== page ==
`≥2 `≥2

## Thus, for some finite constant C,

1 X 1
log < log ζ(s) ≤ C + (for s > 1)
s−1 p
ps

Thus, the blow-up of log ζ(s) as s → 1+ forces the divergence  of p 1/p.
P

This argument by itself did not attempt quantify how fast p<x p1 blows up as a function of x → ∞, although
P
a similar idea can make progress there.
A related question of at least whimsical interest is about the prime-counting function 
X
π(x) = 1
p0 <x

That is, the weights in the counting are not 1/ps , not 1/p, but just 1. About 160 years after Euler’s first
work on zeta, in 1896 Hadamard and de la Vallée-Poussin (independently) proved
x
π(x) ∼ (as x → +∞)
log x

meaning that π(x)/ x/ log x → 1 as x → +∞. The question of refining the error term in this asymptotic
is very much open currently.
Riemann’s 1859 paper showed that the connection between prime numbers and the zeta function is far deeper
than the above discussion suggests.

## 4. Proof of Euler product

Although the heuristic may be clear, we could be concerned about convergence of the infinite product of
these geometric series to the sum expression for ζ(s), in Re (s) > 1. All the worse if the Euler product seems
intuitive, it is surprisingly non-trivial to carry out a detailed verification of the Euler factorization.
Ideas about convergence were different in 1750 than now. It is not accurate to glibly claim that the Cauchy-
Weierstraß ε − δ viewpoint gives the only possible correct notion of convergence, since A. Robinson’s 1966
non-standard analysis offers a rigorous modernization of Leibniz’, Euler’s, and others’ use of infinitesimals
and unlimited natural numbers to reach similar goals.  Thus, although an ε − δ discussion is alien to
Euler’s viewpoint, it is more familiar to contemporary readers, and we conduct the discussion in such terms.
 For real s > 1, certainly P p−s ≤ P 1/p, so the blow-up of the left-hand side as s → 1+ implies divergence of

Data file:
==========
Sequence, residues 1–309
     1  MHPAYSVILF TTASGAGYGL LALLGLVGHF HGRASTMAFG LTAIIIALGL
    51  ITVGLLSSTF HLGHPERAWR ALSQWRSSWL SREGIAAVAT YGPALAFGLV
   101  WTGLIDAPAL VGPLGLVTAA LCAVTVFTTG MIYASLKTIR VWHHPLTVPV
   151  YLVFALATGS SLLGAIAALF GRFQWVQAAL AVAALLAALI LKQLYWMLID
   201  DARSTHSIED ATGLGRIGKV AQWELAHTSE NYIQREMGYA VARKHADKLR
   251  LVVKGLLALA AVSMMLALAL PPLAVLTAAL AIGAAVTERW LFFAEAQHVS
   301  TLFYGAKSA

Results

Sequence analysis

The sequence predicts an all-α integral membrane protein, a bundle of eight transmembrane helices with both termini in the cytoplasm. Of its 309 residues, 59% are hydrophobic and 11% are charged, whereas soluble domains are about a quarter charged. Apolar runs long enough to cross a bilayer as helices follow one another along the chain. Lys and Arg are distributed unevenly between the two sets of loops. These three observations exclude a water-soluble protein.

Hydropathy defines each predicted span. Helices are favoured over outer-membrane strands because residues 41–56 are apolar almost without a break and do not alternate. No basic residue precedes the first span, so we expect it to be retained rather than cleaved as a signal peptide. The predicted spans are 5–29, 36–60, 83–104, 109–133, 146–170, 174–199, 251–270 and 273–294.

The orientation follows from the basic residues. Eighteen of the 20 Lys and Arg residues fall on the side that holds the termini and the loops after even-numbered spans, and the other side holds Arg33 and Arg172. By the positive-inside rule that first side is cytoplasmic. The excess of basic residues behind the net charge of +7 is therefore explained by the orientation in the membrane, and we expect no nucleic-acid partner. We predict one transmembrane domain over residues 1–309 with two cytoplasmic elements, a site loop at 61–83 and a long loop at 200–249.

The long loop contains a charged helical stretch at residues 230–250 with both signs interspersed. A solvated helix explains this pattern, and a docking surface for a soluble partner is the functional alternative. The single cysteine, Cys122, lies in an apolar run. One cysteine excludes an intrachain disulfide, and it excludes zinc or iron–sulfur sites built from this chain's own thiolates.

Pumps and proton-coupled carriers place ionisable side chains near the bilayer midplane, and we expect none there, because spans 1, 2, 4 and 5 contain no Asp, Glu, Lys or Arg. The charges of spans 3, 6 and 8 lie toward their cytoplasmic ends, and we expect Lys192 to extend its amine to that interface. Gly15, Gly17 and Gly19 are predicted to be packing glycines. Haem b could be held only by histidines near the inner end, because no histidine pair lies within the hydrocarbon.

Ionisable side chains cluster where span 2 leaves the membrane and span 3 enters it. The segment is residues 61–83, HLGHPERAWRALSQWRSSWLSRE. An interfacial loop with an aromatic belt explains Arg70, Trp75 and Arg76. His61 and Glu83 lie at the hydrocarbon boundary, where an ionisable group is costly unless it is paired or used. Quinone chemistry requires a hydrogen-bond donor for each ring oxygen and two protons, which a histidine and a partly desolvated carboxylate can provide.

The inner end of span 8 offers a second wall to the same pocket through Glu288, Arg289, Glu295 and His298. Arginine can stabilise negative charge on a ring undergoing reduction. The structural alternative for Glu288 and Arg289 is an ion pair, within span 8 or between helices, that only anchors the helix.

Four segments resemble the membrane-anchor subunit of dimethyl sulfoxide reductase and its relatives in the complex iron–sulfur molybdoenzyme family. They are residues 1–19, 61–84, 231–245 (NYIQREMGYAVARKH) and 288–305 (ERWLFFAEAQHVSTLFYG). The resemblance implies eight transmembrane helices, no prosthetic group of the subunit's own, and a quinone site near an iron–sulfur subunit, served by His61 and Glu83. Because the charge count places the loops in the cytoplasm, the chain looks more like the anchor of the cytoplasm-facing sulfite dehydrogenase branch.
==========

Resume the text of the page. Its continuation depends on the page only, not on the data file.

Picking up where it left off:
p p
the right.
 Slightly unfortunate notation π(x), but it is traditional.

 A. Robinson’s Non-standard Analysis, North-Holland, 1966 was epoch-making, and really did justify some of the
profoundly intuitive ideas in L. Euler’s Introductio in Analysin Infinitorum, Opera Omnia, Tomi Primi, Lausanne,

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[4.1] The main issue One central point is the discrepancy between finite products of finite geometric
series involving primes, and finite sums of natural numbers. For example, for T > 1, because every positive
integer n < T is a product of prime powers pm < T in a unique manner,
Y  X 1  X 1 X 1
− <

pms ns |ns |

prime p<T m : pm <T n<T n≥T

since the finitely-many leftovers from the product produce integers n ≥ T at most once each. The latter
sum goes to 0 as T → ∞, for fixed Re (s) > 1, by comparison with an integral.
The finite sums n<T 1/ns are the usualP
P
partial sums of the infinite sum, and (simple) convergence is the
assertion that this sequence converges to n 1/ns .
Thus, this already proves that
Y  X 1  X 1
lim =
T →∞ pms ns
prime p<T m : pm <T n≥1

[4.2] Limits of varying products In contrast, the auxiliary question about infinite products is more
complicated. We have products whose factors themselves vary: we would like to prove that because

1 1 1 1
1+ + 2s + . . . + ms −→ (for Re (s) > 1)
ps p p 1
1−
ps

## the limit of changing products converges:

Y X 1  Y 1
−→ (for Re (s) > 1)
pms 1
p<T m:pm <T p 1−
ps

where the infinite product on the right is the limit of its finite partial products. That the individual factors
on the left approach the individual factors on the right is not necessary (for fixed s), and in any case is not
sufficient.
Taking logarithms is convenient, since error estimates on sums is easier than error estimates on products.
That is, we claim that
Y X 1  Y 1
log −→ log (for Re (s) > 1)
pms 1
p<T m:pm <T p 1−
ps

The infinite product on the right is easily verified to converge to a non-zero limit, so continuity of log away
from 0 allows us to move the logarithm inside the infinite product. Moving log inside a finite product is not
an issue. Thus, it suffices to prove that
X  X 1  X 1
log −→ log (for Re (s) > 1)
pms 1
p<T m:pm <T p 1−
ps

1748. E. Nelson’s reformulation Internal set theory, a new approach to NSA, Bull. AMS 83 (1977), 1165-1198,
significantly improved the usability of these ideas. A. Robert’s Non-standard Analysis, Dover, 2003 (original French
version 1985, Presses polytechniques romandes, Lausanne) is a very clear exposition of non-standard analysis in
Nelson’s modified form.

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Paul Garrett: 01 Euler and ζ(s) (September 14, 2015)